One hears constant blather from Republicans about the danger that Iran and/or radical Islamic extremists pose to America, yet they continue to ignore perhaps the largest source of extremism and unrest in the Middle East: Saudi Arabia. All but one of the 9-11 hijackers were Saudis and no nation spends more supporting the export of extremist Islamic belief than Saudi Arabia. Why the blindness? Sadly, because America and to a mach larger extent is European allies still are dependent on Saudi oil. If the Middle East is a threat to American and western interests, the fastest way to end the issue overall is to find alternative energy sources that would make the Saudis and their oil irrelevant. Then, rather than backing the international export of extremism, the Saudi royals would have to contend with a popular uprising as revenues plunged. A piece in the Washington Post looks at a Saudi royal whose visions - or more likely delusions - of grandeur could spell more trouble for the world. Here are highlights:
Late last year, Germany’s intelligence service issued a stern warning about Saudi Arabia: King Salman and his 30-year-old son, Deputy Crown Prince Mohammed bin Salman, want to become “the dominant rulers of the Arab world,” it claimed.
The entire region could be destabilized by their quest and the internal power struggles under way in the kingdom, the memo said.
When King Salman’s reign began a year ago, Mohammed quickly began accumulating “more power than any prince has ever held, upending a longstanding system of distributing positions around the royal family to help preserve its unity,” the New York Times reported.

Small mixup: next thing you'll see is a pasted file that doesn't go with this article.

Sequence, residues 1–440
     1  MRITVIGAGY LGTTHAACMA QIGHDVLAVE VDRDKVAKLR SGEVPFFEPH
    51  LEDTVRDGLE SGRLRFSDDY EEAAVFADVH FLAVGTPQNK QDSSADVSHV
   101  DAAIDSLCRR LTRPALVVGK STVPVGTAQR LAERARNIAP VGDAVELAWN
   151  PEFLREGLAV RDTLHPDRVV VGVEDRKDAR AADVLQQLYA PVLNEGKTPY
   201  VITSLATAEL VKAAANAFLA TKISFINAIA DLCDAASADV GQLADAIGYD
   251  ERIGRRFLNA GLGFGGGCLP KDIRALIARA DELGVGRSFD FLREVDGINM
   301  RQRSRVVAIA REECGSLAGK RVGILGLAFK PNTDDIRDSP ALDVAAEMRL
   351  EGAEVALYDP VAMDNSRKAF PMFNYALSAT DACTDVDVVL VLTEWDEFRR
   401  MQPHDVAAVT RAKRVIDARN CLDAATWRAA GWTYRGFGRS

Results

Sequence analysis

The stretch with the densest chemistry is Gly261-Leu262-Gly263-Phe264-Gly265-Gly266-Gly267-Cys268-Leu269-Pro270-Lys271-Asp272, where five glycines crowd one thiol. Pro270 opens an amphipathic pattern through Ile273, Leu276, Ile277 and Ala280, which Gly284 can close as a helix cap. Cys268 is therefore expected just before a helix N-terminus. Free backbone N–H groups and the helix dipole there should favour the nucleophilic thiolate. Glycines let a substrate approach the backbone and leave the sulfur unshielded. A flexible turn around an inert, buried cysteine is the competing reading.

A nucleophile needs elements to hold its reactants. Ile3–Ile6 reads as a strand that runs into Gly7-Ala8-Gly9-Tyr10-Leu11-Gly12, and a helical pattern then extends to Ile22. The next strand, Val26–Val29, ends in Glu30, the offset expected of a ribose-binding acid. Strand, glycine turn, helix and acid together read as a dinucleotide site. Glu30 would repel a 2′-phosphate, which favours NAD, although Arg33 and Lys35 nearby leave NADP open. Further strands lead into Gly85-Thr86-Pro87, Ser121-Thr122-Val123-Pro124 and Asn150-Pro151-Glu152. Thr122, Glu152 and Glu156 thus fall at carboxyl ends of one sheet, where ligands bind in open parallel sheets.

The prince was appointed defense minister in January and was named deputy crown prince in April, “putting him second in line to the throne and ensuring that the kingdom’s future rulers will come from Salman’s own branch of the extensive royal family,” The Washington Post reported at the time.
Despite the fact that Saudi Arabia does have some elections — last month, women were allowed to vote and run for office for the first time in municipal elections — the country remains an absolute monarchy.
As defense minister, Mohammed is overseeing a troubled Saudi-led coalition in neighboring Yemen that has been battling Iranian-aligned rebels since March. “The war is draining the Saudis militarily, politically, strategically,” Farea al-Muslimi, a Yemen analyst at the Beirut-based Carnegie Middle East Center, told The Post’s Hugh Naylor.
The Saudi-led coalition “has repeatedly struck houses, schools, and hospitals where no military target was in sight,” wrote Joe Stork, deputy Middle East director for Human Rights Watch.
As oil prices plunge, the Economist noted that the prince’s “most dramatic moves may be at home. He seems determined to use the collapse in the price of oil … to enact radical economic reforms.”
The lifestyle of the young prince — and that of many of the kingdom’s young royals — has apparently annoyed some Saudis. Reports of his “lavish parties in the Maldives and the crown prince’s house-hunting for a Sardinian villa worth half a billion euros are fodder for social media, of which Saudis are keen users,” the Economist also wrote.
Ford M. Fraker, the president of the Middle East Policy Council and a former United States ambassador to Saudi Arabia, told the New York Times that the “The king has put his son on an incredibly steep learning curve, clearly.”
The main rivalry between Saudi Arabia and Iran stems from a longstanding curse of mankind: religion. It's a case of Sunni versus Shia - a rivalry and hatred that goes back over 1000 years. Iran has a long history of empire going back over 2300 years - perhaps not coincidentally, the greatest periods were prior to Islam - while the Saudis were impoverished nomads until oil changed the calculation. Population wise, Iran has some 81 million people versus the Saudis' 31 million. Which nation is the better to court as a friend and ally?